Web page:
As a result, Australia’s macroeconomic fundamentals are the best for more than a quarter of a century. We have the lowest inflation seen since the 1970’s, a budget surplus of $2.7 billion instead of the $10.5 billion deficit we inherited in 1996, and an economy that grew by 4.9 per cent in the

year to March 1998. In all these areas, Australia is a world-leader.

On that foundation, we need to build a defence force that is more efficient and effective, and capable of delivering a hefty military punch when needed. The Government has implemented the Defence Reform Program within the ADF to re-focus our forces, to meet growing demands for modernising capabilities, and to get more out of our defence dollar.

As my colleague the Minister for Defence has pointed out, the Government’s priority is to ensure that Australia’s armed forces continue to have the capability to defend our territory and interests from armed attack. The ability to defend our maritime approaches, and therefore the need to operate our forces beyond our shoreline, will be essential objectives for our defence policy. Likewise, attention to training and education of our defence personnel will be vital if Australia is to maintain a "knowledge edge", and to stay at the forefront of the Revolution in Military Affairs.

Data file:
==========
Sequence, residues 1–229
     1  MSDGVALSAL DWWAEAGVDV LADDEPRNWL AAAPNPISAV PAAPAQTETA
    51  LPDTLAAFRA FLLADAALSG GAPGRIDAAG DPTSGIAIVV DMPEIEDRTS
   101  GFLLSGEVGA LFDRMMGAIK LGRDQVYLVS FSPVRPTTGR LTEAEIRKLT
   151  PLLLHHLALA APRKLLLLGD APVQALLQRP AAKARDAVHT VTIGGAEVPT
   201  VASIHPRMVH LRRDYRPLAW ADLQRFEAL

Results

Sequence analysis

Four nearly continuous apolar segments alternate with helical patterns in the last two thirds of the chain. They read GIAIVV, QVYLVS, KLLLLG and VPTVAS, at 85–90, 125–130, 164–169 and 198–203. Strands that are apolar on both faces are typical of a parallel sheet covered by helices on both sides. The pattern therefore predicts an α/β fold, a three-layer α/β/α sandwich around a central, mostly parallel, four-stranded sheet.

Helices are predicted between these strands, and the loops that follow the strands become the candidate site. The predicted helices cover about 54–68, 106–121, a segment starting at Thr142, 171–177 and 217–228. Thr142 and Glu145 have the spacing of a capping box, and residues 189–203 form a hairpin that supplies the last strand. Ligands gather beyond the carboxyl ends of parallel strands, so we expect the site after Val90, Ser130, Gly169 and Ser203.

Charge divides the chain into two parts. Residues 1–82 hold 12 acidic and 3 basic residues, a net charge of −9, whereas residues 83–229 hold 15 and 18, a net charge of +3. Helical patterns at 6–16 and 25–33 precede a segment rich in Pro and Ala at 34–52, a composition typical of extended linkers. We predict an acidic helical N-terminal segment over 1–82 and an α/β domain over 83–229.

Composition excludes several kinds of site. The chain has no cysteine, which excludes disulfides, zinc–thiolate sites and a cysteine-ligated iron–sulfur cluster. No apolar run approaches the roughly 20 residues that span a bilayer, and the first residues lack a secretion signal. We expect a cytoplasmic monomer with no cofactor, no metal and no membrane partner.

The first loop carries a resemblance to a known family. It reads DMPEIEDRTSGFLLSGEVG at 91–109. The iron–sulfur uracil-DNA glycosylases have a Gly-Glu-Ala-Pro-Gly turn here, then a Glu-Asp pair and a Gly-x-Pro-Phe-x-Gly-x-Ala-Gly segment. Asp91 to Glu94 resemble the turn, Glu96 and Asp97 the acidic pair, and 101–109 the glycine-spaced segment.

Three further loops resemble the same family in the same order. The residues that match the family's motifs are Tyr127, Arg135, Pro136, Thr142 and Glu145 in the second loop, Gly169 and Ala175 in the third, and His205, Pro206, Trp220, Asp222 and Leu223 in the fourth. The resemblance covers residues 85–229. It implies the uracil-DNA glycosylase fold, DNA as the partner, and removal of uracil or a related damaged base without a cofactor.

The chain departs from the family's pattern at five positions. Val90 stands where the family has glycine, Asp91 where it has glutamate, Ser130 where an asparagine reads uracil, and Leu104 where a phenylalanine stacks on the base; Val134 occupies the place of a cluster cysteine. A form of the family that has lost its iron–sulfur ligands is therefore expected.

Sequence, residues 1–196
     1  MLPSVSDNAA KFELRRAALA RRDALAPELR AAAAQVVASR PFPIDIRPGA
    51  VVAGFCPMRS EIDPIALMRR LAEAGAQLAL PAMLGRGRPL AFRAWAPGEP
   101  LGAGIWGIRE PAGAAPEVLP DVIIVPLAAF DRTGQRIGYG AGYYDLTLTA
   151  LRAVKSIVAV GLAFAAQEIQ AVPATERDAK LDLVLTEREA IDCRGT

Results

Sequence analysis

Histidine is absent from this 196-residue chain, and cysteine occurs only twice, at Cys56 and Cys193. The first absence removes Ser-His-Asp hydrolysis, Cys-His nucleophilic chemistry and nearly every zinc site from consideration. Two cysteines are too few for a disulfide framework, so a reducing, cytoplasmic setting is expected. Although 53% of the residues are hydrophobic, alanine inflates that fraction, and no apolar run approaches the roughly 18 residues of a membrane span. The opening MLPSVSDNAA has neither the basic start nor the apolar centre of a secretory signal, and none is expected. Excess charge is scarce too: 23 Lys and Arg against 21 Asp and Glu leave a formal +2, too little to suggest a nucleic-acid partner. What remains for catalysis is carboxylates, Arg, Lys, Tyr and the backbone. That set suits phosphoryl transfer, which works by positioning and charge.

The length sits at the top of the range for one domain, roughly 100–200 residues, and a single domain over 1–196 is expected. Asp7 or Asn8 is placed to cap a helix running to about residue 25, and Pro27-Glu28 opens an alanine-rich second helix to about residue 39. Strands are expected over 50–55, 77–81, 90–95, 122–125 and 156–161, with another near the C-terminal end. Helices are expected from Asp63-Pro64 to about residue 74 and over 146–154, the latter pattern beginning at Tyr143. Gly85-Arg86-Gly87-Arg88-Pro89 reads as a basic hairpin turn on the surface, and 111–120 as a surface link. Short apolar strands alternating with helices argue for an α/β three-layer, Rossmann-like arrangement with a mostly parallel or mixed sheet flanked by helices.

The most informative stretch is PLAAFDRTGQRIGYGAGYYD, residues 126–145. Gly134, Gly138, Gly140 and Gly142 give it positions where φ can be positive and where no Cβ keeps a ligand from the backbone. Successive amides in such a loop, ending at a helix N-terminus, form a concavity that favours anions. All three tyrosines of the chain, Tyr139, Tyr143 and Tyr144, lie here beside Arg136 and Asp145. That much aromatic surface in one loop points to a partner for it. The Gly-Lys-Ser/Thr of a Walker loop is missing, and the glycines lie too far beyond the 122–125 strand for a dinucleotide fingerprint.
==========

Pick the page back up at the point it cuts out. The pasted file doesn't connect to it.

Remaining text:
Three Layers of Australian Security Arrangements

Now I don’t need to tell you that having our own house in order is not enough to ensure national security. It is vitally important that Australia be active in fostering a secure environment for itself, both within our immediate region and in a wider context.

The Government seeks to promote Australia’s security interest through an interlinked series of activities that are carried out on three levels - globally, regionally and bilaterally.

The end of the Cold War has meant that the risk of world-wide conflict has diminished considerably, but other potential threats to the world and to Australia remain, including the proliferation of weapons of mass destruction. At the global level, the Australian Government takes a strong interest in security issues, particularly efforts to strengthen multilateral arms control and

disarmament regimes.

It was, for example, an Australian initiative which helped bring the Chemical Weapons Convention to fruition, and Australia also played a significant role in bringing the negotiation and adoption of the Comprehensive Nuclear Test Ban Treaty to a successful conclusion. Australia is currently at the

forefront of moves to strengthen the Biological Weapons Convention through the negotiation of a